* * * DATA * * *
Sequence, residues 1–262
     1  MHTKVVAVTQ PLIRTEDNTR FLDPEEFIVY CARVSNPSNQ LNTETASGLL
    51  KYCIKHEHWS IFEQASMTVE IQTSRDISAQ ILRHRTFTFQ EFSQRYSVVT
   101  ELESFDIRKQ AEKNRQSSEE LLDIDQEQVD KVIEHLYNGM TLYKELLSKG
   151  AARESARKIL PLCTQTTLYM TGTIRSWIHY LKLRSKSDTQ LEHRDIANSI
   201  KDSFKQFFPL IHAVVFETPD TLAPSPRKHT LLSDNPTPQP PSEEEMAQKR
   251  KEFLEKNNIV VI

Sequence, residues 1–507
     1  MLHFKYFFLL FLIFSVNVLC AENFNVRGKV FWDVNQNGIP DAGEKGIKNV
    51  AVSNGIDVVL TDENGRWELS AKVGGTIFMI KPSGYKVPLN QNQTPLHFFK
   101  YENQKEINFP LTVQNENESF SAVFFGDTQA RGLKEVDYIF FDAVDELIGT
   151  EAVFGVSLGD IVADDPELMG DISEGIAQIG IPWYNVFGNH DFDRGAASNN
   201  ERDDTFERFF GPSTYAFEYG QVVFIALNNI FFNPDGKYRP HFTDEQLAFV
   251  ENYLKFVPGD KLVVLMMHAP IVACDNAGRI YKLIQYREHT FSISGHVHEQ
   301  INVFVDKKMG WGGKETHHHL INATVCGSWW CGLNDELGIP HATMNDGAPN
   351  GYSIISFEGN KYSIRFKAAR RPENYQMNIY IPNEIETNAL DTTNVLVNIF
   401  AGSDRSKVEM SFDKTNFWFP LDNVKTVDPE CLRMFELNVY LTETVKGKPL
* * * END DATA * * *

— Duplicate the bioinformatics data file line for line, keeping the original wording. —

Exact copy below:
Sequence, residues 1–262
     1  MHTKVVAVTQ PLIRTEDNTR FLDPEEFIVY CARVSNPSNQ LNTETASGLL
    51  KYCIKHEHWS IFEQASMTVE IQTSRDISAQ ILRHRTFTFQ EFSQRYSVVT
   101  ELESFDIRKQ AEKNRQSSEE LLDIDQEQVD KVIEHLYNGM TLYKELLSKG
   151  AARESARKIL PLCTQTTLYM TGTIRSWIHY LKLRSKSDTQ LEHRDIANSI
   201  KDSFKQFFPL IHAVVFETPD TLAPSPRKHT LLSDNPTPQP PSEEEMAQKR
   251  KEFLEKNNIV VI

Sequence, residues 1–507
     1  MLHFKYFFLL FLIFSVNVLC AENFNVRGKV FWDVNQNGIP DAGEKGIKNV
    51  AVSNGIDVVL TDENGRWELS AKVGGTIFMI KPSGYKVPLN QNQTPLHFFK
   101  YENQKEINFP LTVQNENESF SAVFFGDTQA RGLKEVDYIF FDAVDELIGT
   151  EAVFGVSLGD IVADDPELMG DISEGIAQIG IPWYNVFGNH DFDRGAASNN
   201  ERDDTFERFF GPSTYAFEYG QVVFIALNNI FFNPDGKYRP HFTDEQLAFV
   251  ENYLKFVPGD KLVVLMMHAP IVACDNAGRI YKLIQYREHT FSISGHVHEQ
   301  INVFVDKKMG WGGKETHHHL INATVCGSWW CGLNDELGIP HATMNDGAPN
   351  GYSIISFEGN KYSIRFKAAR RPENYQMNIY IPNEIETNAL DTTNVLVNIF
   401  AGSDRSKVEM SFDKTNFWFP LDNVKTVDPE CLRMFELNVY LTETVKGKPL